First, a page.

The first thing you need to do to effectively change something that’s totally out of whack is to understand it. You can’t debate with someone without knowing her point of view and you can’t argue against something until you know why it exists in the first place. When it comes to economics and capitalism, while we know the system has left us in an incredibly unequal, unfair and unethical marketplace, it is hard to argue against it without knowing how it works exactly.
Short of taking a university-level macroeconomics course, or buying a textbook and plugging your way through it independently, learning the basics of capitalist economics (and the specifics of neoclassical schools, neoliberalism, monetarism) is tough. So for anyone grappling with the messy capitalist system, Jim Stanford’s book, Economics for Everyone: A Short Guide to the Economics of Capitalism, is incredibly helpful.
Stanford is an economist with the Canadian Auto Workers union, holds a PhD in economics and writes a regular column for rabble.ca. He also is an economist with a refreshing disdain for economists and a strong populist bent.
“Never trust an economist with your job,” Stanford writes in the introduction. “A society in which ordinary people know more about economics and recognize the often conflicting interests at stake in the economy is a society in which more people will feel confident in deciding for themselves what’s best — instead of trusting the experts.” And from there he sets about showing the reader what capitalism is about and what it isn’t.
Economics for Everyone starts from the very basic elements of work, production and value to the very complicated stocks, bonds and loans. Accompanying this slow build are illustrations by Tony Biddle that allow the reader to visualize the ins and outs of consumption and production of capitalism with humour.
Stanford’s book is incredibly conversational, which in some cases could be a fault, but considering the cold academic nature of his topic, is a comfort. There is also a plainness to his writing that smooths understanding. For example, he tells us that 50 per cent of the work done in the economy is wage labour and 40 per cent is unpaid work in the household: “âe¦ much of that unpaid work can be interpreted as a ‘cost of producing workers’: that is, it’s an input to the ongoing re-creation of a willing and able labour force (feeding, clothing, and caring for people, in order to send them back into paid work the next day),” he writes. “[T]he vast majority of work in our system consists either of working for someone else, or getting ready to work for someone else.”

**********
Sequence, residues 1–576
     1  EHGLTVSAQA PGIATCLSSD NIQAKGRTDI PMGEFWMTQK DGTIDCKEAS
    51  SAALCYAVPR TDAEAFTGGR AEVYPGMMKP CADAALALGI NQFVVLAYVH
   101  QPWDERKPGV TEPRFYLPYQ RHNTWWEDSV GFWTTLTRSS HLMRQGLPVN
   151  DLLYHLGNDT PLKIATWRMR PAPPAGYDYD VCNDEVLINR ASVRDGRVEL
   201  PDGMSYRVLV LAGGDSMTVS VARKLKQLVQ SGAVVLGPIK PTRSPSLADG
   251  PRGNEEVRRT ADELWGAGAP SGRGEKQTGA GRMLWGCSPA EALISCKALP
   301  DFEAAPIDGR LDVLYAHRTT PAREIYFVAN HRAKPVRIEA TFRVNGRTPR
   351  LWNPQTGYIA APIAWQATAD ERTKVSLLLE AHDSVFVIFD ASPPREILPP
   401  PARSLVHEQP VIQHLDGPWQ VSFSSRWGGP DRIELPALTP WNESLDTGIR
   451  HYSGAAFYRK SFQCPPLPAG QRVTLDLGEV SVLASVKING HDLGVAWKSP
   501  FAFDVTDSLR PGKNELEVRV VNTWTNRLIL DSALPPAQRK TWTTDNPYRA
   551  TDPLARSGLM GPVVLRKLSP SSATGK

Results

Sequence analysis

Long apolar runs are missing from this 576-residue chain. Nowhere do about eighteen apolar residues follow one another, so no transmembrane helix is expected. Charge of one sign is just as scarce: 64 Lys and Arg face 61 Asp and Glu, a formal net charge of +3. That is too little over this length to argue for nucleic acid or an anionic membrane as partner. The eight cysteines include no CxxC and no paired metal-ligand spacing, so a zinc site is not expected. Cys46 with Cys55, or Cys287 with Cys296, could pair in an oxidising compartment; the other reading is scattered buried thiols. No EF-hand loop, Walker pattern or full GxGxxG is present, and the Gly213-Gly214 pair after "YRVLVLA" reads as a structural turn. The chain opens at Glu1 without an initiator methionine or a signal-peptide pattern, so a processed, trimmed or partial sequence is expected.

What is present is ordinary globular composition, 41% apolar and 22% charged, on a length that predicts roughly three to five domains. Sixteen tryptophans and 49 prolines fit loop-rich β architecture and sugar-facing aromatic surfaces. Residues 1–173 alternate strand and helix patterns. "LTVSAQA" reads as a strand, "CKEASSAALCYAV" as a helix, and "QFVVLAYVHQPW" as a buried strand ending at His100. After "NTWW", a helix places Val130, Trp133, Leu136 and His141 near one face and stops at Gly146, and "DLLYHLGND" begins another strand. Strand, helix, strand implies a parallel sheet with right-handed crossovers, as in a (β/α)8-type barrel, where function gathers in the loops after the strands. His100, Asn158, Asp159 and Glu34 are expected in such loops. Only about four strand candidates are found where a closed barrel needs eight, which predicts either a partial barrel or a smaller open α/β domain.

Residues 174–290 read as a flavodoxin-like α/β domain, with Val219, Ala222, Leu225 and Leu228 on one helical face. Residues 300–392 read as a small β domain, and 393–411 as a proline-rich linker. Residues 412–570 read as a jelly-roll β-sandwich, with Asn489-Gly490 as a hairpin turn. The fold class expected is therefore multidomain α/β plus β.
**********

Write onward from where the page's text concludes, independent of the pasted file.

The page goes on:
While Stanford is highly critical of capitalism, he is still firmly entrenched in the moderate Left. While noting his deep concerns with the devastating environmental and social outcomes of the system, the solution he proposes for the short-term is to return to Golden Age style investment in production, reversing the tide of neoliberalism with its emphasis on low taxes and more profits for the rich.
“Fighting to make our respective countries more like the Nordic variant of capitalism and less like the Anglo-Saxon version (which demonstrates the worst social and environmental performance of any of these broad varieties) is a deserving and fitting challenge that rightfully deserves our first attention,” he writes. The book then goes on to envision a socialist democracy where a large percentage of companies work for the public good rather than to profit shareholders, as is the case today.
While Stanford certainly doesn’t go much further than a mild socialism (sorry, no anarchist collective bartering systems here), the real value of the book isn’t in his brief examination of alternatives, but his thorough, honest, explanation of what we’ve got right now. The future he leaves to the reader.—Jenn Watt